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Matt Graves
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Huntsville, Alabama (USA)
504 Posts

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I've always wondered, at what point do you go from the kind of stuff Michael Ammar or Paul Harris might do, you know, coin tricks, card tricks, cups and balls, maybe the linking rings and so on, to splitting a woman in half or doing a substitution trunk or maybe just making yourself disappear at the end of the show? I used to think it was a matter of experience, as you got better known as a magician, you would get to know other magicians or, well, just gradually learn these bigger things. But look at Michael Ammar and Paul Harris, Eugene Burger - they specialize only in closeup, what they started out doing. I don't mind sticking to simple sleight of hand for a closeup show, but if invited to perform onstage or just standing, say in a gymnasium or something, shouldn't you at least have _one_ "big" trick to finish off, or maybe even beef up the whole show to a larger scale? It doesn't seem like card and coin tricks would be very effective at all if you were hired to perform in a large room or onstage or in a gym, etc. You might not even get pity applause at the end of the act. At what point do you make the transition? How does it happen? I've scoured tons of magic books and all, and they don't tell much about illusions. The few methods I've found are very impractical, especially stuff using "black art". A lot of magical writers say that illusions are not worth the money and take too much rehearsal. Surely they could be simpified somehow - or maybe not. What do y'all think?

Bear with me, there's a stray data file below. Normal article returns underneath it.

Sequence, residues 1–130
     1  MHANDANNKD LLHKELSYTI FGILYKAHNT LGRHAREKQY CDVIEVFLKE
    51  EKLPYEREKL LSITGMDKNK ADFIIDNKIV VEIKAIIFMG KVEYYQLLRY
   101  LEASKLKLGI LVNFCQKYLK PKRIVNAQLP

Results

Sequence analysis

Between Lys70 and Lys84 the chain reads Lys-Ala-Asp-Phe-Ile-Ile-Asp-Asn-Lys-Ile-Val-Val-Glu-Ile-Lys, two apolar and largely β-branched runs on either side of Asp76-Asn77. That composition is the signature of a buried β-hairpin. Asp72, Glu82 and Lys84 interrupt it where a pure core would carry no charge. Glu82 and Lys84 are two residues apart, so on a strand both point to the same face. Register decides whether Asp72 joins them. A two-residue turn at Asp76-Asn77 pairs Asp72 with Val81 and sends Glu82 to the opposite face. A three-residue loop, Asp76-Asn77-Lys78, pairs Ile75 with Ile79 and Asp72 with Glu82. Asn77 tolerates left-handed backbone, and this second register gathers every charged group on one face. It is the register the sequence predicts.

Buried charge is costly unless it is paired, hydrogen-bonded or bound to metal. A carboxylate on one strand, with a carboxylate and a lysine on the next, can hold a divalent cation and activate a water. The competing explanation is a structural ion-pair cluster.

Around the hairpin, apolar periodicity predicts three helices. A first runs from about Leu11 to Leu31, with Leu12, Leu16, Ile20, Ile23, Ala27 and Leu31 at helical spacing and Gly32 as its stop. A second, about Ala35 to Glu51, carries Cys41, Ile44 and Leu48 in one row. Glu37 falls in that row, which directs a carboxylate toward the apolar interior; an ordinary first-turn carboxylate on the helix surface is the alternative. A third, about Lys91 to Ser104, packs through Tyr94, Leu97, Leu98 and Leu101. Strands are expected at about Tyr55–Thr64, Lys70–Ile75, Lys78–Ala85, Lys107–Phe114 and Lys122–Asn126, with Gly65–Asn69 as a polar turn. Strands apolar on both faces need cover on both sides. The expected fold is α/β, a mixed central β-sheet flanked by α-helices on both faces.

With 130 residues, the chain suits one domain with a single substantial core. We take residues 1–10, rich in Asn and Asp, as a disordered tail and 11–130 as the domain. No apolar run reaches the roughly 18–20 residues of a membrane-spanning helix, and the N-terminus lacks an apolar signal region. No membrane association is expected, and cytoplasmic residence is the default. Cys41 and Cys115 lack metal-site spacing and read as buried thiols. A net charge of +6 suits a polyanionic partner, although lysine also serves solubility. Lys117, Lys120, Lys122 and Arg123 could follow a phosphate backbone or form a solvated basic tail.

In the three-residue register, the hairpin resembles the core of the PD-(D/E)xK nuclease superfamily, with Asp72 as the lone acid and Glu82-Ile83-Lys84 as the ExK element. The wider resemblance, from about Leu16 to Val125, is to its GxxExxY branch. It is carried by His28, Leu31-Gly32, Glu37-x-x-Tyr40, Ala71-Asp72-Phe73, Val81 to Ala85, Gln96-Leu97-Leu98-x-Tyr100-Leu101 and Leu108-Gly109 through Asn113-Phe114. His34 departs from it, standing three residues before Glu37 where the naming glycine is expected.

Michael Messing
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Inner circle
Knoxville, TN
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You don't necessarily need large illusions to do a good stage show. While I do perform illusions, many people are more impressed by Gene Anderson's Torn & Restored Newspaper! (It's probably one of the most talked about tricks in my show.)

I spent my first years in magic doing stage magic without illusions. I always wanted to do illusions but it seemed impractical. I bought three of them when I had a customer commit to using my show twice in a year. He did fund raising shows and always used illusionists. He wanted someone new and an agent convinced him that I could put together a good show. That was what got me started.

Some people start buying illusions and then try to find a place to perform them. I preferred having a need for illusions before buying them.

At this point, I have been a full-time pro for 17 years and I still do just as many one-man stage shows as I do two-person illusion shows. (Some clients don't have the budget. Other times, there isn't enough room.)

If you want to get your feet wet in illusions, you can purchase an audience participation effect. That can be a sword through neck, wrist chopper, guillotine or bow sawing illusion. This will give you a big trick without the need for hiring and rehearsing an assistant. (Believe me, finding and keeping a good assistant is very difficult. You have to work alot to pay an assistant enough to want to work for you full-time! They usually do this on the side and that means you can lose them pretty easily.)

I hope this is a little help. If you have some questions, feel free to contact me.